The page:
Level 20: Time for a Respec
When you reach level 20, it’s time to drop that precious gold coin you’ve been working towards for so long and switch over to a feral spec. There are a lot of different ways you can spec, and you can find quite a variety of advice across different forums and blogs. Feel free to look at other suggestions from other sites, but this is the build that I suggest switching to at level 20.
Gearing Up for Feral
The primary stat you should be looking for as Cat DPS is Agility. You do get more Attack Power (AP) from Strength than you do Agility, but Agility is also going to provide you with Crit and help with your Avoidance as well. Stack Agility above all else. Anything that increases your Hit Rating is also going to be good for you since missing is going to make you suck. Strength will help you deal more damage, Stamina gives you more hit points which is nice since you will now be in melee constantly, and so on.
Having a Leatherworker is going to give you the most benefit in the land of Agility stacking, so I suggest heading there for your starting gear. Most of the Fang armor will be better for you than what a Leatherworker can make for your level, but it’s not always easy to get your hands on the full set since the gloves are the only piece that does not bind when you pick it up. My Shaman picked up the entire set with only two runs through WC, but my Druid has been through WC five times now and only has two pieces, one of which are the gloves.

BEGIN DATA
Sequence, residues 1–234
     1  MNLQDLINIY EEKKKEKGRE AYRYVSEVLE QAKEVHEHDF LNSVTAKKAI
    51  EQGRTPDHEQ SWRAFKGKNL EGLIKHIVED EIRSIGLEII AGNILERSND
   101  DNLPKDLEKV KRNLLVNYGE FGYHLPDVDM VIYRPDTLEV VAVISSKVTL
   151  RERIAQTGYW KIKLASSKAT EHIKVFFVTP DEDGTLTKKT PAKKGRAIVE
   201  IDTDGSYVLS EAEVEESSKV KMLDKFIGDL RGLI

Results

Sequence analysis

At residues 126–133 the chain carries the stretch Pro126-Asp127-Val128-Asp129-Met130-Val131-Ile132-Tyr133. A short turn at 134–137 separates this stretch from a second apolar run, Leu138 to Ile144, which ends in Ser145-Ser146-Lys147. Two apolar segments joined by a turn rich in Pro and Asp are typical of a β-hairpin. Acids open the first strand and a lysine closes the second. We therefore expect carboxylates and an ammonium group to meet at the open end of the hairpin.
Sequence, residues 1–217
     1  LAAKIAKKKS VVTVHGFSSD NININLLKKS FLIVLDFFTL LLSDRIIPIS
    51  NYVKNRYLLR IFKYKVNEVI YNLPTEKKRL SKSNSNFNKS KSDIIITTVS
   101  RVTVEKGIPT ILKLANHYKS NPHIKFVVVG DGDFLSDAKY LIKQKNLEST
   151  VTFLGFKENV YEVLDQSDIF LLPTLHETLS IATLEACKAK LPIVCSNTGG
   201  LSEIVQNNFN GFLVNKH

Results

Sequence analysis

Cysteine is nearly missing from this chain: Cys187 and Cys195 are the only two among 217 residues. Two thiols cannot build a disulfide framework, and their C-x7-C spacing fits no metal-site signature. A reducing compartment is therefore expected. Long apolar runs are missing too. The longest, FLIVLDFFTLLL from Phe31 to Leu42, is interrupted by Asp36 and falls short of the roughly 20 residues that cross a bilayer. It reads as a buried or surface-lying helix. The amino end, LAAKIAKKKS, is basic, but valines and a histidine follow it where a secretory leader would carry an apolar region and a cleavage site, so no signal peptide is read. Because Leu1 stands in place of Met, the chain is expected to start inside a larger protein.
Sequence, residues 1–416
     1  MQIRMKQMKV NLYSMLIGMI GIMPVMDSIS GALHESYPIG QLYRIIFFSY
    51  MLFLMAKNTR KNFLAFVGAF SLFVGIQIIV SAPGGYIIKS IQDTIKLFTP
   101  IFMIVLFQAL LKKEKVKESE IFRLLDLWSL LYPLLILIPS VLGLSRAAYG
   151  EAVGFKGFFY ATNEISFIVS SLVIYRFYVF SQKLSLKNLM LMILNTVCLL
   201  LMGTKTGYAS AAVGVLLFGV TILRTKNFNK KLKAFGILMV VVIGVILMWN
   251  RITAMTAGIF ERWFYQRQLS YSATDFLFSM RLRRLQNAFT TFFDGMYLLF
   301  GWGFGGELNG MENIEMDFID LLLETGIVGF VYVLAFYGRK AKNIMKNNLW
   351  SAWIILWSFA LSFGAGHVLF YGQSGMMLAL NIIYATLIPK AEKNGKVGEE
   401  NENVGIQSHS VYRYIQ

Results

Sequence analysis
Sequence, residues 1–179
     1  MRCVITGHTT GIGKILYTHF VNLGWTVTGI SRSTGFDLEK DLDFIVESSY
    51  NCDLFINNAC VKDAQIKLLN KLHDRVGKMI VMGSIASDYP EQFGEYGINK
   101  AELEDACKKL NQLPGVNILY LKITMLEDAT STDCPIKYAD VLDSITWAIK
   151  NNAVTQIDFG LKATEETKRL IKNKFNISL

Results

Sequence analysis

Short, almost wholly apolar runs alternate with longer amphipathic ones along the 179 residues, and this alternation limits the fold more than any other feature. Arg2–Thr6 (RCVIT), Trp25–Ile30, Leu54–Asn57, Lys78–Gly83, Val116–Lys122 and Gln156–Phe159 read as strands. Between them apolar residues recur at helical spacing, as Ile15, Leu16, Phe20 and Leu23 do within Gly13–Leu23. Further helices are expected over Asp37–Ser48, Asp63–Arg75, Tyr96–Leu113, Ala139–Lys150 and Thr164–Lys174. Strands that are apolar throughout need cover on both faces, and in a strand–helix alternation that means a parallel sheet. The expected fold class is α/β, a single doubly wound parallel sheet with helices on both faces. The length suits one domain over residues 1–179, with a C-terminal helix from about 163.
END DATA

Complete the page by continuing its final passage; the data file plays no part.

If you look at the Glyphs included in the Feral spec above, you will see that I left Glyph of Thorns as the minor glyph and replaced Glyph of Wrath with Glyph of Rip. You aren’t going to be using Wrath anymore since you now claw everyone’s face off, but Thorns will become more useful with how much time you spend in melee. Glyph of Rip is going to extend the duration of your Rip which is your primary Finishing Move when you start out as a Cat.
Again, I personally stick with Glyph of Aquatic Form as my minor glyph regardless of how much Thorns can help. The only benefit you get from Glyph of Thorns is extra time on it, but since you aren’t using your mana for anything else besides an occasional heal it’s not a big deal to just recast it as needed. Extra movement speed is always a good thing though, so I like making my flippers move faster. Once again the choice is yours, either having Thorns up more consistently to help with damage, or move faster when swimming.